A Beginner's Addendum to Making Shoes
Maestra Damiana Illaria d'Onde/Elizabeth Jones
21 March 2002
This information is intended for the rooky period shoemaker, and is
meant to supplement other instructions available on the Internet. It provides
some basic information from the novice point of view, as I have made a
few pairs of shoes, but am still new enough at it to have trouble. I am
taking the "make a somewhat authentic pair of shoes" approach here, in
order to encourage more people to make and wear period footwear. I am inspired
enough from doing this to want to try more advanced and authentic methods,
but my overall goal is wearable shoes. Hopefully, this handout will get
you started and help you avoid some of the same troubles!
Step 1: Check out these two websites, and figure out
which type of shoe you wish to make:
Turn shoe construction (roughly pre-1500) is thoroughly documented on
Marc Carlson's Website. Marc has done fairly exhaustive research on this
topic, but also speaks frankly to issues of availability and practical
time saving issues. His website has detailed instructions on shoemaking
but there is a lot of information so you will have to go through it and
organize it prior to making your shoes. He also has many different period
diagrams (not patterns!) for shoes. He warns not to just enlarge these
as they are not to scale, but you can fiddle with the diagram until you
get the right style and pattern.
A modified later type of construction (post 1500) is documented on
Luke Knowlton's Website. Luke has documented this method for beginners
who wish to wear period shoes, but are not ready in talent or time to do
all the sewing required for authentic recreations. Luke has a concise set
of instructions that I have used to make shoes. To this I have added some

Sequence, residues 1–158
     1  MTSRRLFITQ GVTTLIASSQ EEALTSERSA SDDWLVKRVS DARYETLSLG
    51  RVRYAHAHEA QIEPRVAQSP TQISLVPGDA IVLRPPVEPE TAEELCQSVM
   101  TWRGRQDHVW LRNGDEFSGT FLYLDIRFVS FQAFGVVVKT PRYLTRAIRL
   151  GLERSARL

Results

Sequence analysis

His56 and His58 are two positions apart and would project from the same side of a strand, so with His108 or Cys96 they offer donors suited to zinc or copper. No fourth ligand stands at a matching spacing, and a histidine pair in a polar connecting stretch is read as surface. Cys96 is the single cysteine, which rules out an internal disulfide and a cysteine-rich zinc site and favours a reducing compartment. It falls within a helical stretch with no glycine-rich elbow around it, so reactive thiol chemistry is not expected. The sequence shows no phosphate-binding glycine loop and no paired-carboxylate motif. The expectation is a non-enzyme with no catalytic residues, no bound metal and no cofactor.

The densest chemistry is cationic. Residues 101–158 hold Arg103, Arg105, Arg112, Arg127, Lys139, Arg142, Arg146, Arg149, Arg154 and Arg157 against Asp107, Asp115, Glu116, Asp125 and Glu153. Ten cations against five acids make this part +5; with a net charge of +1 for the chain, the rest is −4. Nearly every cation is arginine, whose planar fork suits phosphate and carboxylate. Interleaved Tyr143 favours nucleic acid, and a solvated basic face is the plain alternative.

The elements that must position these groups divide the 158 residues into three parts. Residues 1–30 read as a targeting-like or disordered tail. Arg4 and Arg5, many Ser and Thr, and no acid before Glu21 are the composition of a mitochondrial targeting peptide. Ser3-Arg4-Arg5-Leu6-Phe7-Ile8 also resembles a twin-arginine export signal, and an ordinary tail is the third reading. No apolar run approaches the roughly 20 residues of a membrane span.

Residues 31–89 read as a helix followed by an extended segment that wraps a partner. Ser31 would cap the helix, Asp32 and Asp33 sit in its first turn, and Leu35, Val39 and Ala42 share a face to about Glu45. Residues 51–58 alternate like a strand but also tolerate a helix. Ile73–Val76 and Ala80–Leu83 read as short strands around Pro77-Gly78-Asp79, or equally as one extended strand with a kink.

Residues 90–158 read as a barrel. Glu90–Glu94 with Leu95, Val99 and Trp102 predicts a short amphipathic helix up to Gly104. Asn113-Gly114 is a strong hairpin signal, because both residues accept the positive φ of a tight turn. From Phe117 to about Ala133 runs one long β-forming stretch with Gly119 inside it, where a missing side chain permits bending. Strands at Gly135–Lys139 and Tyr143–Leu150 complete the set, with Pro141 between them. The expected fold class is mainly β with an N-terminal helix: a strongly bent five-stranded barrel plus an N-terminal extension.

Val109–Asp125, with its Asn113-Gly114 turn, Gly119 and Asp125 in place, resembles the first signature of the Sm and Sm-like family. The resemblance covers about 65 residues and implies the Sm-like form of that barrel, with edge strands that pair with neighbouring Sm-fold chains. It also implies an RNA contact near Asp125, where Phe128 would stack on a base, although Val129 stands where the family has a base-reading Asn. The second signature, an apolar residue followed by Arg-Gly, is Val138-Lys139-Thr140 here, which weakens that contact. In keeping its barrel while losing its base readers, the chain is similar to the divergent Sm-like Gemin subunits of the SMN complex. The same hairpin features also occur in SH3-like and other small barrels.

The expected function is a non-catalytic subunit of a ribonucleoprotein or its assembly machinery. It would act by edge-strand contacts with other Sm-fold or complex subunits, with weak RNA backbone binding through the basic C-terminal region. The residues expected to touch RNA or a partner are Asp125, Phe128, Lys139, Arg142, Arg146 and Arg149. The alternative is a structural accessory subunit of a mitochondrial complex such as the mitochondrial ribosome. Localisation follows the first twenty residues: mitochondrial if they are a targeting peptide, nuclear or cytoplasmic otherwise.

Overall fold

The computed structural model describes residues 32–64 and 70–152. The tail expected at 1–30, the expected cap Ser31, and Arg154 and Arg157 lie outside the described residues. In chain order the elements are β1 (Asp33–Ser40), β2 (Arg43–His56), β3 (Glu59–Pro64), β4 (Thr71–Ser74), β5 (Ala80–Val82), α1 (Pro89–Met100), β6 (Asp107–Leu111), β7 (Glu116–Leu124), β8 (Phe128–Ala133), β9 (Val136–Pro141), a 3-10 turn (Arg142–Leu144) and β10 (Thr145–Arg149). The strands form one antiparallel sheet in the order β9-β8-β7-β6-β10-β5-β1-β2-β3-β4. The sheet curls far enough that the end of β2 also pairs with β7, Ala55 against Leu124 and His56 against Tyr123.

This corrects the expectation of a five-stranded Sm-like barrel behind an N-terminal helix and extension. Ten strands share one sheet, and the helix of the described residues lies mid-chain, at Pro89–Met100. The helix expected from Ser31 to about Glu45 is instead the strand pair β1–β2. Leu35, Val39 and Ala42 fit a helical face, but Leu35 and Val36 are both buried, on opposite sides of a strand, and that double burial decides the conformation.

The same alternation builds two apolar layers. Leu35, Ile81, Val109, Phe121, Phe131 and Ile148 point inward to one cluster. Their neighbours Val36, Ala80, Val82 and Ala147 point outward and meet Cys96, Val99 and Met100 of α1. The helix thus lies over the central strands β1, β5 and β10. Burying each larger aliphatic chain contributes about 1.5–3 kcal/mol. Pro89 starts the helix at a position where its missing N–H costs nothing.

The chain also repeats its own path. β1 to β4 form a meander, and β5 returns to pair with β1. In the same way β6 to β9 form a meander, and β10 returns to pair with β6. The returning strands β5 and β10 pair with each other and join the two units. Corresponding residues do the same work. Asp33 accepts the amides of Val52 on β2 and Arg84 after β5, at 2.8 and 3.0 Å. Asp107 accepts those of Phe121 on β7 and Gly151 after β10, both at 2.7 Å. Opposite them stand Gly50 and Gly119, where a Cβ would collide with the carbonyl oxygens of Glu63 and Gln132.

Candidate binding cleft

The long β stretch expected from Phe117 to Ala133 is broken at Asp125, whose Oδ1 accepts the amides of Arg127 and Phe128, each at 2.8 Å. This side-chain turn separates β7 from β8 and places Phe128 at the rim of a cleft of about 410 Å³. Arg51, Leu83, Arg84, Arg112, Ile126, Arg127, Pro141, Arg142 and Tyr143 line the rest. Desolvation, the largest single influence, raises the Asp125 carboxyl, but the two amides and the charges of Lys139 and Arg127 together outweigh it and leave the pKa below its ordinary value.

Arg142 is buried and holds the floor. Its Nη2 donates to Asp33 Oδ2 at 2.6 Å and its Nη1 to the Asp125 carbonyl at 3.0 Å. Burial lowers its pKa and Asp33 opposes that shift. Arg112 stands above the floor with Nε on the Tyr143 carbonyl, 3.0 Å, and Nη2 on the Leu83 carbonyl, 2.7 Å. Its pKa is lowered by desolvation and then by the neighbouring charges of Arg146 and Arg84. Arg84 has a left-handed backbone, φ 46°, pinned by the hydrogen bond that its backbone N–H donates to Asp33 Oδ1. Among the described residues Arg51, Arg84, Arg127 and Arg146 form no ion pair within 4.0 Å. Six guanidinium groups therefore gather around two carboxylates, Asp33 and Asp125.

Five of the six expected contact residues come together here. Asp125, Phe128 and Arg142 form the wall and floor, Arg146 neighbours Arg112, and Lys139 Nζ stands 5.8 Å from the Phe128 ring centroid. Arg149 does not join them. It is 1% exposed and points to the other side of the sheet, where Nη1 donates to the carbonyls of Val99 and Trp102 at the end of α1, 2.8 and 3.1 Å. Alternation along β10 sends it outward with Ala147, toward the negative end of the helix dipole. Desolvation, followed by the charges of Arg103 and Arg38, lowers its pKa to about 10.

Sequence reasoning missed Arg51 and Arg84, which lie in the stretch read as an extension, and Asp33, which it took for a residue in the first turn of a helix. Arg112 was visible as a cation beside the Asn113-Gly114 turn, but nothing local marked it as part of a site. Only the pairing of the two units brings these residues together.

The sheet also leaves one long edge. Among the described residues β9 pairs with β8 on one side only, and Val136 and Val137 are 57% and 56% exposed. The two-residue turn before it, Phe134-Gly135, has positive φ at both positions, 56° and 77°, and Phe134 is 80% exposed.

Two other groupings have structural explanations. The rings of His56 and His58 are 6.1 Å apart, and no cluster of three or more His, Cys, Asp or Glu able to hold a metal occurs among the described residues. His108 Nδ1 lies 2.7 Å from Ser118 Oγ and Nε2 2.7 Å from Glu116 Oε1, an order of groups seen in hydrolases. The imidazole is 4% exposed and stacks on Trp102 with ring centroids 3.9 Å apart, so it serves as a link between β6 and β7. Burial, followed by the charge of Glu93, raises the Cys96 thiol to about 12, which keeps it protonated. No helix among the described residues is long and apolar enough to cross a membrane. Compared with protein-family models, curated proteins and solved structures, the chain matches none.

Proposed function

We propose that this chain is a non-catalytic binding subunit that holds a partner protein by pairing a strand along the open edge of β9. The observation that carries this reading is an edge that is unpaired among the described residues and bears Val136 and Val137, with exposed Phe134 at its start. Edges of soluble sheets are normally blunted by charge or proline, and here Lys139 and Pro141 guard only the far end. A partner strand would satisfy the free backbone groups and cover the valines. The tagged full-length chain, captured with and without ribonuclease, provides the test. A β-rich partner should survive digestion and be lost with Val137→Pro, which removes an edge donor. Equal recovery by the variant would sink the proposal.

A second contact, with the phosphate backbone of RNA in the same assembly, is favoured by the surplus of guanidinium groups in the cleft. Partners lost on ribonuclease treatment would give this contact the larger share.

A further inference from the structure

of the beginner comments below.
Step 2: Gather your materials and equipment. In
my (beginner) opinion, to avoid undue frustration you must have
the following specific equipment before starting to make shoes. Getting
these materials take a bit of time (probably two weeks) so get organized
before you start.
Straight and shoemaker's curved stitching awl (http://www.colonialneedle.com/tools.htm
- item A5214,C5096) I would not get these through eBay auctions
as you will probably get ones too large (like I did!)
Last - wooden or (modern) plastic shoe form approximately your
shoe size - http://www.eBay.com
is a great place for this - I now have a trunk full! There is not a lot
of competition for these, and you can get a pair for about $ 5-10. Do searches
under the following words: "shoe molds, shoe lasts, wood shoe, shoe
form, wooden shoe, cobbler". Especially useful are "primitive" wooden forms
that are actually straight lasts (neither right or left). You only need
one of these to make a pair, and they are usually handhewn and more suitable
for period shoes, (having less heel). Try to avoid ones with obvious heel
curves, unless you are desperate - you can modify this with leather if